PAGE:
about a month ago, me and a friend decided we wanted to blow some stuff up, so, as any normal person would do, we built a potato gun. after about an hours work, we finished and decided to test it out. there is actually an enormous amount of physics in firing that thing. first of all, when the explosion occurs, the gas expands which exerts a force on the potato causing it to fly out of the potato gun. this can relate to newtons 3rd law because the potato exerts the same amount of force on the gas
as everyone probably knows, there is a ton of physics involved in snowboarding. when one rides a snowboard down a hill, you can get going pretty fast. this is because of the very low coefficient of friction between a waxed board and snow (right around .05). the coefficient of friction is determined by 2 things: the nature of the surfaces, and the force of gravity aka your weight. since the 2 surfaces are very smooth, there aren't a lot of bumps to cause friction which can really allow for a lot
when you go skydiving, of course there are physics involved. upon jumping out of the plane, gravity starts pulling you down with an acceleration of 9m/s^2. if you are smart and want to survive this event then you would most likely have a parachute with you. when you pull the cord, the parachute opens which causes you to slow down. the reason it does this is because it increases your surface area which creates alot more drag/air resistance. so if you are going to go skydiving, make sure you have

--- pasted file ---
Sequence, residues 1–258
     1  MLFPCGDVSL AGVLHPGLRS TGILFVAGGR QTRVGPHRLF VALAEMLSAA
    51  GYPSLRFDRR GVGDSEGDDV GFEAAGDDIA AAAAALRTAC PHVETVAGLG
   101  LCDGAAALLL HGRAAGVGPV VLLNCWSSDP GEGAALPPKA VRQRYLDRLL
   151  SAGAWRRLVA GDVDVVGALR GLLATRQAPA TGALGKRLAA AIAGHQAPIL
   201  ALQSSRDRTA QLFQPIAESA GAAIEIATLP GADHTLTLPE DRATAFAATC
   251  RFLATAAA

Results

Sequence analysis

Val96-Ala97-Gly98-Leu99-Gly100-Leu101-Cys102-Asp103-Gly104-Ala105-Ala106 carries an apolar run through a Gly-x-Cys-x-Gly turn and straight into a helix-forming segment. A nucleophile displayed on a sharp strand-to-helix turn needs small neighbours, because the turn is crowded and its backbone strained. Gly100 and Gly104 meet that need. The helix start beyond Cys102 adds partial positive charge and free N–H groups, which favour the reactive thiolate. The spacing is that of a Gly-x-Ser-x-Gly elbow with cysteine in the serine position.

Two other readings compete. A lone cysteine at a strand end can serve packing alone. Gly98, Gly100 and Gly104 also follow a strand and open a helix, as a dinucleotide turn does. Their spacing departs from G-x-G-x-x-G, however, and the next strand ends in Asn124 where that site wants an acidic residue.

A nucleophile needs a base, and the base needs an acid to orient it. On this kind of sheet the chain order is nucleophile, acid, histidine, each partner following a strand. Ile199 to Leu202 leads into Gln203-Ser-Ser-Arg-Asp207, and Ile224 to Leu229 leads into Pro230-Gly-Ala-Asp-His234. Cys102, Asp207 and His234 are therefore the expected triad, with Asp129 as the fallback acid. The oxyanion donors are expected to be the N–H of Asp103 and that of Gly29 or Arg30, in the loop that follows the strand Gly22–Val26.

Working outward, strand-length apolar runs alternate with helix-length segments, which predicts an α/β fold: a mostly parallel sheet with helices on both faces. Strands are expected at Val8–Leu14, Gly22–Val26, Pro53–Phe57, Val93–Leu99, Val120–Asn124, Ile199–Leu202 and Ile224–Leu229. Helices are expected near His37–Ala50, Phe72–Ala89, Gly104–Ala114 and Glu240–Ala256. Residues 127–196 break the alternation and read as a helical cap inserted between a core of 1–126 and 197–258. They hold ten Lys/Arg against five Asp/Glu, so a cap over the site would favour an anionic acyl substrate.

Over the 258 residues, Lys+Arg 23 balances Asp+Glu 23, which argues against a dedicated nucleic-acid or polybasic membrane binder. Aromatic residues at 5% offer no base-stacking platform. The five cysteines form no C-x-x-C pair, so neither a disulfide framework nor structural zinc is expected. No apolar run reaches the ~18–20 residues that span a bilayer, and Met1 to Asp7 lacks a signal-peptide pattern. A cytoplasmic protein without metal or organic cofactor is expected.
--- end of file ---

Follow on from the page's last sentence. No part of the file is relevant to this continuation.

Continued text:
the catapult that my group built was somewhat of a success, thanks to physics. when we pulled the trigger, our weights were pulled towards the earth at a rate of 9m/s^2. when this happened, it exerted a force on the arm of the catapult which rotated around the pipe. the force of the weights on the arm was exactly the same as the force of the arm on the weights as newtons 3rd law states. when the other end of the arm reaches about 45 degrees, it lets go of the softball which was traveling at arou
Although it may not seem like much, there are a lot of physics involved with eating a donut. First, you have to apply a force on the donut when you pick it up and raise it to your mouth. Since the average donut weighs in at about .04 kg, it takes about .4 newtons to lift a donut. it also takes roughly .4 Joules to lift a donut from the table to your head. lastly, if you bite really hard into the donut, you will exert anywhere from 500-700 newtons. that means the donut bites back with the same am
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